People often ask me: “Why travel with your dog?” It’s a hassle. It severely limits the hotels I can stay at, and usually costs me more. It slows me down. It’s hot. I have to stop so he can pee. It makes dinner meetings almost impossible. Well, any normal meeting or interview impossible, really. Oh, and the big one: I HAVE TO DRIVE ACROSS THE COUNTRY INSTEAD OF FLY. So why do I do it?
Let me count the ways Rusty (and Lucky before him) makes it all worthwhile.
There was Connor, in Kansas City, a Toronto 30-something out with his boys for their annual weekend trip to a U.S. ballpark. He took a break from helping his bro convince everyone they were on a bachelor party trip (free shots!) to pet Rusty. He’d lost his golden a few months ago, Connor said, and he had to say hi. Soon, he was taking a selfie with Rusty and sending it to his wife. In the meantime, I learned all about Connor’s family business, what Canada thinks of Donald Trump, why drug tests are both more common and less common up north and… 30 minutes later, he didn’t really want to leave when the Uber arrived to take his friends to the next bar.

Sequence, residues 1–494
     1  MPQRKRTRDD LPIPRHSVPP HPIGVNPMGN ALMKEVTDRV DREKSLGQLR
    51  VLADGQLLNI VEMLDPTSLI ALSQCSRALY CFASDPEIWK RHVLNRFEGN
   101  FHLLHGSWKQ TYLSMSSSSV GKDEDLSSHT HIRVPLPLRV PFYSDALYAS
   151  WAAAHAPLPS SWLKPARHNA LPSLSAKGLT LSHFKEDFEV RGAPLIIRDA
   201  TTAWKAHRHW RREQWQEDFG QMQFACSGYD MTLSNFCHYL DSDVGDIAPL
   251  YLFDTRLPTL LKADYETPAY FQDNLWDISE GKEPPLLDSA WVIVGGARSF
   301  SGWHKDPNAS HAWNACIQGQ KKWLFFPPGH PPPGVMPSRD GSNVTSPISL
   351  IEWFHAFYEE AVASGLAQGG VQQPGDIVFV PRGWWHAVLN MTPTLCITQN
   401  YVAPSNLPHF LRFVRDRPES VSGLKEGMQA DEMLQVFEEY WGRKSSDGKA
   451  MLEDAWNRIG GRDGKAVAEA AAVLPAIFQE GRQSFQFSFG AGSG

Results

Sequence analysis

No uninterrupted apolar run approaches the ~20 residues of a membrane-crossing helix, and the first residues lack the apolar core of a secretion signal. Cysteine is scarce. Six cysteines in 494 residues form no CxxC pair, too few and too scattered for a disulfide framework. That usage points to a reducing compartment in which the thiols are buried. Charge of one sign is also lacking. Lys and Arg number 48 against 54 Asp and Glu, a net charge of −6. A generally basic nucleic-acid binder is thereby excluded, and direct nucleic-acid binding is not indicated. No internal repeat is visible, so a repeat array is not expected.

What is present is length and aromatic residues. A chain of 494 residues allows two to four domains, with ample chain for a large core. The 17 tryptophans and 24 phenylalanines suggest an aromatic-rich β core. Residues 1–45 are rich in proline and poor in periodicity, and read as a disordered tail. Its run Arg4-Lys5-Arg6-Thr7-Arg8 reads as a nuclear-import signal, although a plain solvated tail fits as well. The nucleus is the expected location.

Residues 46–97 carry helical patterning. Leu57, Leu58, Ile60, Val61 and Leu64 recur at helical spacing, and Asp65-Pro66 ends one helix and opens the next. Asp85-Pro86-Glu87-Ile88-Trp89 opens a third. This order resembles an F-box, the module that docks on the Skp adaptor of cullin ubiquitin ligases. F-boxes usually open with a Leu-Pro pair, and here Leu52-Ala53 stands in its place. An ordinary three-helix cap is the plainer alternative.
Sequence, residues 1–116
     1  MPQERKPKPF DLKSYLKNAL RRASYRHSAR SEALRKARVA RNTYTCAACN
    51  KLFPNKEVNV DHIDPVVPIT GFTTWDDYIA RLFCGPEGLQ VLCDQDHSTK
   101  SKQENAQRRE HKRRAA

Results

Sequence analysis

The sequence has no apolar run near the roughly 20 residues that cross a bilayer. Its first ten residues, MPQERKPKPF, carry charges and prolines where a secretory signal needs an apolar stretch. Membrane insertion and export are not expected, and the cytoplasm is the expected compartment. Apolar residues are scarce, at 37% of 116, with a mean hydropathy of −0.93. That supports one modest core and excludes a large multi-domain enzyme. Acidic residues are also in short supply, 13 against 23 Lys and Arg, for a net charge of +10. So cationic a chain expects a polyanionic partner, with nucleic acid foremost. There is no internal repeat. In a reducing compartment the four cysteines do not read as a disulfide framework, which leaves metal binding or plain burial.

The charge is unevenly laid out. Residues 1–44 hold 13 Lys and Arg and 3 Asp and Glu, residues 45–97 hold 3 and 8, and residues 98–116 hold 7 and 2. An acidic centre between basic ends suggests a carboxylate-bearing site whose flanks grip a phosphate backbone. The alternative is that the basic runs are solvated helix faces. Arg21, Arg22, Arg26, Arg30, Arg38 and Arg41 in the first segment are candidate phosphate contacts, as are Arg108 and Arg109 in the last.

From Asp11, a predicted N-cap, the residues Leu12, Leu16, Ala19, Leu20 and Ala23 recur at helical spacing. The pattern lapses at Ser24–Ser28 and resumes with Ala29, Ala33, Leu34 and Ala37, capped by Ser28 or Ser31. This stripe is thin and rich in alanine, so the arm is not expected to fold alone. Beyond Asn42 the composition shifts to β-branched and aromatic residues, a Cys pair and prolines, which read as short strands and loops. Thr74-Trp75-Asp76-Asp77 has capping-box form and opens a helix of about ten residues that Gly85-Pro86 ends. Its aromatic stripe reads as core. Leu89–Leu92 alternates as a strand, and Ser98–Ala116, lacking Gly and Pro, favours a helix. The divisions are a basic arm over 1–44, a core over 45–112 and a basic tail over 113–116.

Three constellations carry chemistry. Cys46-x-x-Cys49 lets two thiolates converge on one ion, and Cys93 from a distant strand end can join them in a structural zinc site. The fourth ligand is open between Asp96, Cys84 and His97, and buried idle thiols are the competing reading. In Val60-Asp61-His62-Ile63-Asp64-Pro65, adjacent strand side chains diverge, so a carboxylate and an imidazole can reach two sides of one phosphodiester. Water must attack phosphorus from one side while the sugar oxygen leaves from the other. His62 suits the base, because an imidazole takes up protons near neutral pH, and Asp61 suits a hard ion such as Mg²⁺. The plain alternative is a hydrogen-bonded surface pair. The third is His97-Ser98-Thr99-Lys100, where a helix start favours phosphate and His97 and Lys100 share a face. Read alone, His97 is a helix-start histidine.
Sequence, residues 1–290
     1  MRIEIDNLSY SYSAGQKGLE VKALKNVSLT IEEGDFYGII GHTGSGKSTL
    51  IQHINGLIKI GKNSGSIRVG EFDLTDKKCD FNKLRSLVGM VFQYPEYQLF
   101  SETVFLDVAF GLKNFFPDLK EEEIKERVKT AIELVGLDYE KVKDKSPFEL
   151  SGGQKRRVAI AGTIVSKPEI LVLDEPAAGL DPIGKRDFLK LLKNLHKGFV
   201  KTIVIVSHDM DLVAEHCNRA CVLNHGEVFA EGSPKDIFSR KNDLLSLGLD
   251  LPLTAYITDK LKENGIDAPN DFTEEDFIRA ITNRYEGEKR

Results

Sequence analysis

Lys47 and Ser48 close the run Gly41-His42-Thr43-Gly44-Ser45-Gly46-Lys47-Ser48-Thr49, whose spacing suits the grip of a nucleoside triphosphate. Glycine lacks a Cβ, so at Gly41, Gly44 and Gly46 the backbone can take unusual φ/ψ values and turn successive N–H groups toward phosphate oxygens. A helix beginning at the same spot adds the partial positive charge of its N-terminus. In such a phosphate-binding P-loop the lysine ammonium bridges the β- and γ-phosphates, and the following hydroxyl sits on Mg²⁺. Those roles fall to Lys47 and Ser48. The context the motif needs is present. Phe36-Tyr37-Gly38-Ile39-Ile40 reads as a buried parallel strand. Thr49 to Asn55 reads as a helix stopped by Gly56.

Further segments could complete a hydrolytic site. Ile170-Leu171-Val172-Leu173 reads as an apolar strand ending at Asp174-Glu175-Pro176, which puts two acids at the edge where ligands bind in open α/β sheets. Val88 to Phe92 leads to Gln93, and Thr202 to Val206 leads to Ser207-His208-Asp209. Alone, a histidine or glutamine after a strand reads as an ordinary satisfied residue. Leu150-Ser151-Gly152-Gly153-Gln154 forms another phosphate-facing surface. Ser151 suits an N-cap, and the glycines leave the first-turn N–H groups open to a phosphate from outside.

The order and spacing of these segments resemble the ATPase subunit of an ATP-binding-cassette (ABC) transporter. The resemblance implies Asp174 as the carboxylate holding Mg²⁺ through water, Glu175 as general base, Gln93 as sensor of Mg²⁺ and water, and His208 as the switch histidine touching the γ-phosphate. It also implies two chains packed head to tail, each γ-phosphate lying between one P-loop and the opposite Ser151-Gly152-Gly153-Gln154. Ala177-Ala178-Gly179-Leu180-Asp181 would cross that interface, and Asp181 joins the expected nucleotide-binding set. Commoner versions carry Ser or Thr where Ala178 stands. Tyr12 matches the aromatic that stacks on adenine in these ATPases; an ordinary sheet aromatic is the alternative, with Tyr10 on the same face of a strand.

There was a young fellow in Columbia Missouri, who seemed to timidly want to pet Rusty outside the coffee shop. But really, he was just being himself, a single Bengladeshi man most recently from Jamaica, Queens trying his hand at Midwestern living. And he really, really wants to adopt a dog, he just hasn’t quite worked up the resolve to do it yet. Frequent readers know my love affair with Columbia, a perfect college town in an underrated state. I always wonder what it’s like to live there if you don’t look like me. Well, he was more than happy to share (as he shared half his sandwich with Rusty). He beamed while telling me about the rainy night recently when he’d forgotten to cover his motorcycle; some friendly Missourian had covered it for him overnight, he said. He misses NYC, and all the fun things to do there, but life is a heck of lot easier, and people are a heck of a lot nicer in Missouri, he’s found. By the time we left, perhaps an hour later than I was supposed to leave town, I was pretty sure Rusty had won over yet another convert, and some shelter dog will soon have a very great life with my new friend (and his two cats!). We’ll be grabbing drinks next time I’m in Missouri.